The card faces have a ¼” white border, followed by a color-coded border. Earth is a dark green, Water is a light blue, Air is purple, Fire is a brownish-red. An ornate gold border surrounds the imagery, which appears within an arch. The name of the animal depicted, along with the card number (in Roman numerals) is placed in white letters across the bottom of the card. The effect is beautiful – that of looking through a window.

This is a deck that could be used by anyone, of any background, and any age group. It is gentle, bringing wisdom to the reader in a way that it will be accepted.

—Bonnie Cehovet, Aeclectic Tarot


I'm a tarot reader and have never had much use for oracle decks. But earlier this year when I was preparing a presentation on accessing your intuition and finding your answers using tarot and oracles, I came across The Sacred World Oracle by Kris Waldherr. I have always liked her artwork--she designed The Goddess Tarot in the late 90s based on her 1996 picture book of goddess images. And I found her online apps to be useful and to show off the beautiful artwork of her cards. For the first time, I became enamored of an oracle deck.

I immediately liked what I saw in the Sacred World Oracle. The artwork was beautiful, the thematic thread of the deck, primarily nature and animal based, conjured up multi-cultural myths and folklore for each animal illustrated, adding deepening layers to the simple images. And like a tarot deck, it was divided into four suits corresponding to the four elements: Earth, Water, Air and Fire. Here was an oracle deck with intriguing possibilities.

The little white book that comes with the deck provides keywords for each card, and a short paragraph that gives a slightly more in-depth analysis for interpretation. My favorite aspect of the LWB is that for each card it suggests appropriate myths, literature, religious stories, fairy tales, artwork, and even ballets from around the world--fodder for further research.

It seems like dolphins and rainbows are requisite images for oracle decks, and this deck does not disappoint. Centered on card XVII, Dolphin in the Water suit, is a dolphin, breaching out of waves that crash against hull-crushing rocks. His graceful curve and strong tail indicate that he is just playing and can rocket away from the rough water at any time. His friend in the distance leaps up toward a rainbow that reflects the top arch of the card border. This card is perhaps the definitive card of the deck--it uses what I've come to expect as standard oracle imagery, but by placing the friendly dolphin in a challenging position, it gives us an example of how to honor difficulty in our lives, transforming it into a game with the rainbow promise that nothing is too great a challenge.

All of the imagery is gorgeous, but a favorite is XXII, Carp, also in the Water suit. The shades of orange and gold lend richness to this card, which symbolizes financial prosperity. The open-mouthed carp twists in the currents of a shallow, clear stream, broken by occasional rocks and tall grasses. Dragonflies dart in and out. An old, gnarled oak branch adorned with blazing fall leaves cuts across the frame of the image, deepening the perspective.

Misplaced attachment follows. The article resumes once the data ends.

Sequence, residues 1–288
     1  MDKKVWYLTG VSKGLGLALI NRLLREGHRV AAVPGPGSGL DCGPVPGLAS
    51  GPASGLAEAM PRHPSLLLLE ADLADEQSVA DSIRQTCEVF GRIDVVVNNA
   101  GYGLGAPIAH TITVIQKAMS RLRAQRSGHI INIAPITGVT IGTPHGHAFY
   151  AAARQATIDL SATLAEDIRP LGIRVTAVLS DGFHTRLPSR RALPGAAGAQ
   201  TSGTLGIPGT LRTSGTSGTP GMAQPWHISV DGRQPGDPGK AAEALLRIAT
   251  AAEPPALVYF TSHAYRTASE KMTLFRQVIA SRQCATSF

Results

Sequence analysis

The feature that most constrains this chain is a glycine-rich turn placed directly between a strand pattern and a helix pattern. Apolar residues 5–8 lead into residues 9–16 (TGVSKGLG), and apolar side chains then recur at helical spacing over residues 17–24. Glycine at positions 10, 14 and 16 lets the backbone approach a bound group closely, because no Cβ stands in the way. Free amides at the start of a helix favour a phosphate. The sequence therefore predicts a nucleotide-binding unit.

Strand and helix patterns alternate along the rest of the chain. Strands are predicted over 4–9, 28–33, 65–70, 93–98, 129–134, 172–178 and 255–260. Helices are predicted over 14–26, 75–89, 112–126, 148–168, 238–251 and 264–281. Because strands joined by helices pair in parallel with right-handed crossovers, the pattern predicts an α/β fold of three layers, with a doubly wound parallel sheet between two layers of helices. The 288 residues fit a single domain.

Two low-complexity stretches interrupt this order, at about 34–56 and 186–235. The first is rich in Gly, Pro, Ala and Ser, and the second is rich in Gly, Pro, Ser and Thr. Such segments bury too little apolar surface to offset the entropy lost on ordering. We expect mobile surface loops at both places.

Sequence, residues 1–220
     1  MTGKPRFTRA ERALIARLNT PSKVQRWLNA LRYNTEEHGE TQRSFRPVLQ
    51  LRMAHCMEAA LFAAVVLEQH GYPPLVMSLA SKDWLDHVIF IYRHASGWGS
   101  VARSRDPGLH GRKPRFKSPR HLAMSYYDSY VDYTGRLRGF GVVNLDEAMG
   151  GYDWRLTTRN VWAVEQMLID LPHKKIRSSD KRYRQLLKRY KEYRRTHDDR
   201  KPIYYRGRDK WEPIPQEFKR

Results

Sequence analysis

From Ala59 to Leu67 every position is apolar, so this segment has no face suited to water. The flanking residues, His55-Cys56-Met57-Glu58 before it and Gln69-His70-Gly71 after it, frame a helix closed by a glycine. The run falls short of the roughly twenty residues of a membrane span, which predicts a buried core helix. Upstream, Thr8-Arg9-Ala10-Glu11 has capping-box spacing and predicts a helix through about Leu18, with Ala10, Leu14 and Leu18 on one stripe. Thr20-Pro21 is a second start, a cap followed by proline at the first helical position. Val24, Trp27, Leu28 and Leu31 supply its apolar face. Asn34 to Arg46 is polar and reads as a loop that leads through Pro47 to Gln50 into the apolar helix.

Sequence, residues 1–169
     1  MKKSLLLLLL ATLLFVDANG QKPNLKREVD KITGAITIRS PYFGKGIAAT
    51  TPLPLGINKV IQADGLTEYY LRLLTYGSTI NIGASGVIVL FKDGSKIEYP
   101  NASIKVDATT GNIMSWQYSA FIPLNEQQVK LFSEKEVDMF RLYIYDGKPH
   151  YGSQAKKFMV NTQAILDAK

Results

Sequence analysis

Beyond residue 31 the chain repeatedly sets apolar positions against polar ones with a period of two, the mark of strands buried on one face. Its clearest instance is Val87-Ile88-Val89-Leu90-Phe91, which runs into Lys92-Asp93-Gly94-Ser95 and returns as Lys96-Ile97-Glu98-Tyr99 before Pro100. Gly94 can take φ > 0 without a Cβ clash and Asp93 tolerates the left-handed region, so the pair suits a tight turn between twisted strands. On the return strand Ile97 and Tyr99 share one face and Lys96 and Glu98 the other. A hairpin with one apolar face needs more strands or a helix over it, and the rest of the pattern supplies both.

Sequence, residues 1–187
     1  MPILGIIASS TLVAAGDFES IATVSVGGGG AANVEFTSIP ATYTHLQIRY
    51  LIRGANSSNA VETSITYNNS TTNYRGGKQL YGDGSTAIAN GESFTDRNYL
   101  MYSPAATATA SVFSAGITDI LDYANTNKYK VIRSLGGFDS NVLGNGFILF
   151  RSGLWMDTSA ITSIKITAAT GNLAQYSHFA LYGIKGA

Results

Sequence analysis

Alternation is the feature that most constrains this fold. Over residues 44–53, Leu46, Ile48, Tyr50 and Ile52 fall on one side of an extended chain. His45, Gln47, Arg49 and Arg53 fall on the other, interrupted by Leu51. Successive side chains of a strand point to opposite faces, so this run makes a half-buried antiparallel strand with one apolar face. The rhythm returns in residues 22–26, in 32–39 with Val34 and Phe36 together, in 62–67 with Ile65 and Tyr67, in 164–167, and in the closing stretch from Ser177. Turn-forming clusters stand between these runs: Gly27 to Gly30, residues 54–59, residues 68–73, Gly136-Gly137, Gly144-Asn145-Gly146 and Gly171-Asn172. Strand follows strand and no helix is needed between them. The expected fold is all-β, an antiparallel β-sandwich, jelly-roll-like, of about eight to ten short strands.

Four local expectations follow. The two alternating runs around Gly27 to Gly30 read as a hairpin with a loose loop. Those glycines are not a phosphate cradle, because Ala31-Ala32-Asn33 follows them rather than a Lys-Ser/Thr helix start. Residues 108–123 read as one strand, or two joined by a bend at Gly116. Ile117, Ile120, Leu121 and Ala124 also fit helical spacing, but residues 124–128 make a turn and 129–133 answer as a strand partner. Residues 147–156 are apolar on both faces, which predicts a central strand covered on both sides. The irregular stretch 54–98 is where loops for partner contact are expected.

There are four cards that are analogous to the Aces of the tarot deck. The first card of each suit exemplifies the element involved. I, Earth shows a landscape extending from an ancient, thick trunked tree in the foreground, through hills and valleys into tall mountains in the distance. The colors are greens, grays and browns. Tree tops take the shape of bears and mountains reveal crouching cats. In XII, Water, shadowy marine flora wave in the sparkling currents of the blue and green depths. Contemplation of the image brings the outlines of seals, and perhaps other creatures lurk in the dark deep as well. XXIII, Air shows dim storm clouds and bright lightning. One of the clouds morphs into the strong wings and noble head of an eagle. Flaming orange and yellow mythological beasts--dragon, phoenix and chimera--form the wildfire that crackles through the red and brown prairie grasses and pines in XXXIV, Fire.

Even though this deck functions as a standard oracle, to be read intuitively or via the keywords provided in the LWB, the division of the deck into four suits and the addition of cards that represent the essence of each element opens up numerous possibilities for reading. Laying out multiple cards, you can take note of whether there is a preponderance of a suit--for instance, many fire cards would indicate the need for energy and change, whereas a majority of earth cards would suggest that your goals are being manifest.

This deck hasn't converted me to oracle decks, but it certainly is one of the most intriguing, not to mention beautiful oracles I've seen.

—Joy Vernon

$16.95
Art of Life
Art of Life

WHAT CUSTOMERS ARE SAYING ABOUT ART OF LIFE TAROT:

As I have confessed before, I am a quotaholic: I am powerless over a good quote. And what better way to have a quote a day to fulfill my quota than The Art of Life Tarot Deck by Charlene Livingstone. This stunning deck combines three of my passions: art, tarot and quotes, but what really impressed me the most was the packaging. The cards come in a box where the lid folds up into a nifty little pop up frame, complete with a clear plastic cover, making this a wonderful accoutrement for your desk or altar.